Diabetes-related cognitive impairment and dementia


Evidence is accumulating that type 2 diabetes (T2D) is associated with cognitive impairment and dementia, and numerous epidemiological studies have demonstrated that T2D patients have a significantly higher risk of developing dementia [ ], in particular Alzheimer’s disease (AD) [ , ]. AD is the most common cause of dementia [ ] and is characterized by a progressive amnestic disorder with subsequent appearance of other cognitive, behavioral, and neuropsychiatric changes that impair social function and activities of daily living [ ].

Thus, cognitive impairment and dementia are emerging as significant comorbidities of T2D, with important implications for clinical practice and funding of public healthcare systems. An additional concern in T2D is that cognitive impairment affects the required complex self-management of diabetes (e.g., medication, diet, blood glucose monitoring). In addition, T2D subjects with dementia are at greater risk of hypoglycemia than older people without dementia. For all these reasons, T2D subjects with cognitive impairment present an increased frequency of hospital admissions and morbi-mortality [ , ]. Unfortunately, in clinical practice, there are no reported phenotypic indicators or reliable examinations to identify T2D patients with mild cognitive impairment (MCI), despite the fact that recent guidelines do recommend screening for cognitive impairment in T2D [ , ]. MCI describes a transitional state between normal cognitive function and dementia. Individuals with MCI have a degree of memory loss with little impact on their daily activities, and its diagnosis is based on complex neuropsychological tests [ ], which makes their incorporation into current standards of care for the T2D population unfeasible. For this reason, a multidisciplinary, large-scale approach, which integrates clinical and molecular information, is urgently needed to identify T2D patients at risk of MCI and dementia and also to identify new opportunities for personalized management.

In recent years, growing evidence has shown that retinal neurodegeneration is an early event in the pathogenesis of diabetic retinopathy (DR) [ , ]. In addition, an association between retinal vessel abnormalities and cognitive impairment and dementia has been well-documented [ , ]. Since the retina is ontogenically a brain-derived tissue, it has been suggested that it may provide an easily accessible and noninvasive way of examining the pathology of the brain: “The eye as a window to the brain” [ , , ]. Therefore, it seems reasonable to propose that the evaluation of retinal parameters related to either neurodegeneration or microvascular disease would be robust and valuable biomarkers to identify those T2D patients at higher risk of developing cognitive impairment and dementia.

Epidemiological evidence

T2D and AD are two prevalent diseases associated with a significant economic burden for the healthcare systems of developed countries. Both diseases are age-related and, therefore, it is not surprising that they run in parallel and are particularly prevalent in the developed world.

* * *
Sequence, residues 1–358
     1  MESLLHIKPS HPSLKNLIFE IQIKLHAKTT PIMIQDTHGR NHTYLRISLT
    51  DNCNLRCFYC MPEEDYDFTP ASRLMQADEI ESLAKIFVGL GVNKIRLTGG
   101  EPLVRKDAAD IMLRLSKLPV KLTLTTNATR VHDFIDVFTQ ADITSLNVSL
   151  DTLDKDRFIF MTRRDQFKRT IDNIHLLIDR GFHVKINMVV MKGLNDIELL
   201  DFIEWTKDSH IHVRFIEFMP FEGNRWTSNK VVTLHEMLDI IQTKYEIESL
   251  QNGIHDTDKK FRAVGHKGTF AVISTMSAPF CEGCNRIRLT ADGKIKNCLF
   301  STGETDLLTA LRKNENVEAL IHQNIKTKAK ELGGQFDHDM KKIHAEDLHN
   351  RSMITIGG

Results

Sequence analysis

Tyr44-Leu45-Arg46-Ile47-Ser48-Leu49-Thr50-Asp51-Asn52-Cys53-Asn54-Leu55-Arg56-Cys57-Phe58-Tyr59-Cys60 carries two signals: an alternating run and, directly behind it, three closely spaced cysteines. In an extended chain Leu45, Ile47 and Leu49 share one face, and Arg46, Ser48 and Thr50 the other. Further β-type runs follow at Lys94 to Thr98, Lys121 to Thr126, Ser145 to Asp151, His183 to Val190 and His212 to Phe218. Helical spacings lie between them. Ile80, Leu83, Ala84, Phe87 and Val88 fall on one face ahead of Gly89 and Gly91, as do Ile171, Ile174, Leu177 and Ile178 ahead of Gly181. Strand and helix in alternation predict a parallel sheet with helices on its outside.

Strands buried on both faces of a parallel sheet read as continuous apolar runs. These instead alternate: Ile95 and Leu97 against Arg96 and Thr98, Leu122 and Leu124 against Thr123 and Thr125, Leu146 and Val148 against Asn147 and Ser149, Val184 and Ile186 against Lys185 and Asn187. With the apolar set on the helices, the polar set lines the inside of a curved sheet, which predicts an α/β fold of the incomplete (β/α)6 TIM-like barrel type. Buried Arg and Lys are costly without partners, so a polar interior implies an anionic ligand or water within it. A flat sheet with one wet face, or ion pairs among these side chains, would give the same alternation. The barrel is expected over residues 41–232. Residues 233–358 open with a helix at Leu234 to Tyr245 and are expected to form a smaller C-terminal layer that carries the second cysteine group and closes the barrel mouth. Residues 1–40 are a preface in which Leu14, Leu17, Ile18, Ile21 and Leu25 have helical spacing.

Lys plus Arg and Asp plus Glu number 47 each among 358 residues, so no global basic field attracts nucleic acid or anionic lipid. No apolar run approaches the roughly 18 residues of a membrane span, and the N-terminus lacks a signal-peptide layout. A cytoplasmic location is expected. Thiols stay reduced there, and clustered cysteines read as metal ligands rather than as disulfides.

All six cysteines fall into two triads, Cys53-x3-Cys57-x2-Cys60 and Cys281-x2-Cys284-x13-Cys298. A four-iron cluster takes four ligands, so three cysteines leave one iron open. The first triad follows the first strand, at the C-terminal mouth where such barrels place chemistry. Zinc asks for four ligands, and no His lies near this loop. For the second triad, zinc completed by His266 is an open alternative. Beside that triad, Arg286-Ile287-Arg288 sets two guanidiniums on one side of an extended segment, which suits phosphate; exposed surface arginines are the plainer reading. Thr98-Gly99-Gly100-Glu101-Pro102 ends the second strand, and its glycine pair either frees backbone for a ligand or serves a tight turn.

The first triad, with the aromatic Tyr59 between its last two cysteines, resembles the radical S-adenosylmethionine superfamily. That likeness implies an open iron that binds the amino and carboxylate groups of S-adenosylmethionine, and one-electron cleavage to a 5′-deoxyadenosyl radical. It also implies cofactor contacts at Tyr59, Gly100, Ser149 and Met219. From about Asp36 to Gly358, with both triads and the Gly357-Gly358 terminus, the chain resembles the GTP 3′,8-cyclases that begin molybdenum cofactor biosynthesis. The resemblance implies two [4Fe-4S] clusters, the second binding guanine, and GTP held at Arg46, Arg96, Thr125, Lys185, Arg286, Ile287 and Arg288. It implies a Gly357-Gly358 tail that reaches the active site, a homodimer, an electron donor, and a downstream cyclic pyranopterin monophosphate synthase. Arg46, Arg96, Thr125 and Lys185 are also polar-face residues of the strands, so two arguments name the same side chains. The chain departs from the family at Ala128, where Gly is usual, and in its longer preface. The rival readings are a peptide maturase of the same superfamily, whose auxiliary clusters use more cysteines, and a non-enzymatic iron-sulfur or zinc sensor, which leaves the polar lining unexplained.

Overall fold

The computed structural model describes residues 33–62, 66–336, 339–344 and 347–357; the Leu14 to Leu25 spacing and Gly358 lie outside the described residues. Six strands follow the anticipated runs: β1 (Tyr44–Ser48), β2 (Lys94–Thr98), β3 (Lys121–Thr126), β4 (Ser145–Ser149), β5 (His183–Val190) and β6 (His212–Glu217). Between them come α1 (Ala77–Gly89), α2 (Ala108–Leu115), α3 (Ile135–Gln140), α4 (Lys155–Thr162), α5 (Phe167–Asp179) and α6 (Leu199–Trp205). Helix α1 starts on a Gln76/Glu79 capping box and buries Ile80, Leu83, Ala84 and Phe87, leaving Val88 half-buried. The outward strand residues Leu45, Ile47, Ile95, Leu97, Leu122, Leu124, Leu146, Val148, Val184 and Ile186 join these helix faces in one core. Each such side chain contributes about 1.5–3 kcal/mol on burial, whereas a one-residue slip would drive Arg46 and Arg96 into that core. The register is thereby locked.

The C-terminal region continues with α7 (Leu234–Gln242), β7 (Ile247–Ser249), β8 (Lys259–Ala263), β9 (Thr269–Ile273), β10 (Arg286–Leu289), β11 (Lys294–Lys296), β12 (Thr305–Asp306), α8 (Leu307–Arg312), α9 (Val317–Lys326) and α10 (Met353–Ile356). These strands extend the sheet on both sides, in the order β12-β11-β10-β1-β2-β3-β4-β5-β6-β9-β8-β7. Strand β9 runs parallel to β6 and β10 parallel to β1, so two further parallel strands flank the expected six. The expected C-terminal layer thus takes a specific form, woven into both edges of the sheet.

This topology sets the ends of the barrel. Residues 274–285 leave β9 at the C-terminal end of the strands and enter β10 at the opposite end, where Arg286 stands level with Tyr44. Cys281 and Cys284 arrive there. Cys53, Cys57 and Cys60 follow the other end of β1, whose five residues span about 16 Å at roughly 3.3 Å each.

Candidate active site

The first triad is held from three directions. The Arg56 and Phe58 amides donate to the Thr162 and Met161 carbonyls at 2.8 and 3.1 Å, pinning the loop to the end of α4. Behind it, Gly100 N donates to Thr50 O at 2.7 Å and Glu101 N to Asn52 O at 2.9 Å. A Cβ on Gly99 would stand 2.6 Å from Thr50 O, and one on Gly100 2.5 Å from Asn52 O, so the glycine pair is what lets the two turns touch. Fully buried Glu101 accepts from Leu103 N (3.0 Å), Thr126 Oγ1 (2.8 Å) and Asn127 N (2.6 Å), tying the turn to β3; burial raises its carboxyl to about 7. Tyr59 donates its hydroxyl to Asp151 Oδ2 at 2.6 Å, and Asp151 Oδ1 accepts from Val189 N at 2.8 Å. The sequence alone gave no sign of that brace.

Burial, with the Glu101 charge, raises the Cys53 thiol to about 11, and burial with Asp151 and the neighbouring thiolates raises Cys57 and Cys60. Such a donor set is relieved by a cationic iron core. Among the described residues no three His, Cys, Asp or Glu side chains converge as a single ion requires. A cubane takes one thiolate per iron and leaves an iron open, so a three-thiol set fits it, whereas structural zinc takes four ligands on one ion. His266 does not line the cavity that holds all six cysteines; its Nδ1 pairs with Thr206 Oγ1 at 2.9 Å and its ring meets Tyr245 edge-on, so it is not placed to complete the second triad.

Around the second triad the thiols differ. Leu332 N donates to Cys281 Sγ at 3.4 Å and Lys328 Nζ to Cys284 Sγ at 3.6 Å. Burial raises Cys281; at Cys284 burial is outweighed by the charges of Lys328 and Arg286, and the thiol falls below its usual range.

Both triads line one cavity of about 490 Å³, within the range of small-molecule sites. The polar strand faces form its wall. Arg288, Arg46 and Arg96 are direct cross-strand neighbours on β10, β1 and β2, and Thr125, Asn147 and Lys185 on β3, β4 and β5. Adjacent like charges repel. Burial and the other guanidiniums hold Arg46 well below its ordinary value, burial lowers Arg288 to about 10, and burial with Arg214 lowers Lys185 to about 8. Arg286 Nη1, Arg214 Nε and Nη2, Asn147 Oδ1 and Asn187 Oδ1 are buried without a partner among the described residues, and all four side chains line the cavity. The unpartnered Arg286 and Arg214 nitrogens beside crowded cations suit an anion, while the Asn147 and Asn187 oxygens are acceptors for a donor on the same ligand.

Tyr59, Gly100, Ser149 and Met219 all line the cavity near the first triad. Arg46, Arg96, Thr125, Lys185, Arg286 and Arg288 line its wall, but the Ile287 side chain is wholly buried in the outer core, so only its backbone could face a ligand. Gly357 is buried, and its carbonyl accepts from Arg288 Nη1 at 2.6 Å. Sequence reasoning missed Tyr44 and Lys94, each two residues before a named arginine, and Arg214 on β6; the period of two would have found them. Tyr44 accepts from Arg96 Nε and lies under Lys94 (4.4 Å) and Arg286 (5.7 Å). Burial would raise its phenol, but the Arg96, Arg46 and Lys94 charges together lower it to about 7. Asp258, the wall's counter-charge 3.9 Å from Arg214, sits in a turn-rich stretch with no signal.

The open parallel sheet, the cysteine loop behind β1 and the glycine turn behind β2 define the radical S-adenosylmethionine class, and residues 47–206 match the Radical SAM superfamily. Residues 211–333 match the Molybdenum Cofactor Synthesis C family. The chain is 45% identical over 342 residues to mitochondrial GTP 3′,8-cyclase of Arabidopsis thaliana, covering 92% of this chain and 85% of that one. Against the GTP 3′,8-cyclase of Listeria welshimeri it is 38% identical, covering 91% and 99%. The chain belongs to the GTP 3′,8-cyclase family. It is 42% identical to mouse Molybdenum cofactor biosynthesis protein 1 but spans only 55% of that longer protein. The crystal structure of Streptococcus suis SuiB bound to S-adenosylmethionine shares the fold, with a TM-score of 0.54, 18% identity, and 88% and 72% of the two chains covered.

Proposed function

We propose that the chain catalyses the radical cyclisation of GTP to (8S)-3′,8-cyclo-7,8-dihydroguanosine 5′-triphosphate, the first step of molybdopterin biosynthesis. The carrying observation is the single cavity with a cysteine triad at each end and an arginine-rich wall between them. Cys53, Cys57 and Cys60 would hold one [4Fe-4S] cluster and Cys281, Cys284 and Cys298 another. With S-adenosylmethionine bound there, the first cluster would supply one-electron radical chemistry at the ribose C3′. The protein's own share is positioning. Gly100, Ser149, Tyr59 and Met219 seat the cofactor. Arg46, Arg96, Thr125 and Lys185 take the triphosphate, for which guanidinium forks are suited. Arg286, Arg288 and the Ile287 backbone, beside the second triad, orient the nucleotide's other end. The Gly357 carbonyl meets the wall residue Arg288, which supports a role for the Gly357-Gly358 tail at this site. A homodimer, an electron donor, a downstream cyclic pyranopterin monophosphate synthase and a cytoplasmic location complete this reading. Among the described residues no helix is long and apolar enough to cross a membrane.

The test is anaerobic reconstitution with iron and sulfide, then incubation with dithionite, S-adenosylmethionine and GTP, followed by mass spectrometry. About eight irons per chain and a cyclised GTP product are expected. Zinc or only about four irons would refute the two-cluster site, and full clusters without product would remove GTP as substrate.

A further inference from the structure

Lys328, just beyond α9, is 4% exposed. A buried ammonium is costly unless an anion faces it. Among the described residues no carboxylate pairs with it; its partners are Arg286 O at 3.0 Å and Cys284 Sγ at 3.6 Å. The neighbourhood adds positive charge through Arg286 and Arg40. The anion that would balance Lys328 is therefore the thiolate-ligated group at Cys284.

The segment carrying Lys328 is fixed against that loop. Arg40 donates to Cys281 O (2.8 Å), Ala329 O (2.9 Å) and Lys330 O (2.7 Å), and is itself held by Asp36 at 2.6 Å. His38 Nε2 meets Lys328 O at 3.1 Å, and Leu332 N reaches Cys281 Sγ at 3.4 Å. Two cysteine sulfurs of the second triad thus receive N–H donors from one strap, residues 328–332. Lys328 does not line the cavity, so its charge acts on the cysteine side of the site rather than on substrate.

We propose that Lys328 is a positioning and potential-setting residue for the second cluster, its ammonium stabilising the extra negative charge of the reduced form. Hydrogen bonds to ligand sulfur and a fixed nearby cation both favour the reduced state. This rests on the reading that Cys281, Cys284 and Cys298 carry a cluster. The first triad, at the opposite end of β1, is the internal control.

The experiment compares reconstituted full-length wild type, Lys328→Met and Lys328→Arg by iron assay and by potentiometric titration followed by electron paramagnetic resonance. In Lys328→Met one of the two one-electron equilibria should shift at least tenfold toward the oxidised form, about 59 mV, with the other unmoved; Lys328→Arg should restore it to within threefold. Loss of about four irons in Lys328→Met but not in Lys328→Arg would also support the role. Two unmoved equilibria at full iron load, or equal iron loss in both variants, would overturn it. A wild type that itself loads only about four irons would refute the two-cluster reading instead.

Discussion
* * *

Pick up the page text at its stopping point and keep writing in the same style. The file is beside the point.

In recent years, there is mounting evidence that T2D is associated with cognitive impairment and dementia, and numerous epidemiological studies have demonstrated that T2D patients have a significantly higher risk (∼2-fold higher) of developing AD in comparison with age-matched nondiabetic subjects [ , ]. This increased risk is maintained even after adjusting for cardiovascular risk factors [ , ]. In addition, T2D patients have an increased risk of developing MCI [ ] as determined using standard tests, which detect early-stage deficits which, as yet, have had no impact on activities of daily living. This represents a critical transitional state between normal cognitive function and dementia, especially since the annual conversion rate from MCI to dementia ranges between 10% and 30% in the general population [ ]. We have reported that T2D acts as an important accelerator of dementia in patients with MCI [ ].

MCI is a clinically heterogeneous syndrome. Its first classification was based on memory impairment, but it was later expanded to other cognitive domains. According to Petersen et al. [ ] classification, MCI would comprise four broad subgroups depending on memory performance and the number of impaired cognitive functions: amnestic single and multiple domains, and nonamnestic single and multiple domains. Some recent studies suggested that the risk of AD increases when additional domains besides memory are impaired, probably because they are in a more advanced stage of the neurodegenerative disease [ ].

Over the last decades, most research on MCI has been focused on searching for factors which make patients more vulnerable to conversion to dementia, in particular AD. Ciudin et al. have previously reported that T2D acts as an important accelerator of dementia in patients with MCI [ ]. The patients T2D with MCI who converted to dementia presented a higher prevalence of APOEε4 allele and DR than T2D nonconverters. The presence the ε4 allele APOE may be associated with accelerated neurodegeneration in the development and progression of neurodegenerative diseases [ , ]. This also points out the importance of improving diagnosis and follow-up of all the patients with MCI [ ]. Furthermore, APOE ε4 is the strongest genetic risk factor for sporadic AD. Thus, it is no surprise that the presence of even a copy of the εallele shortens the time of progression to dementia.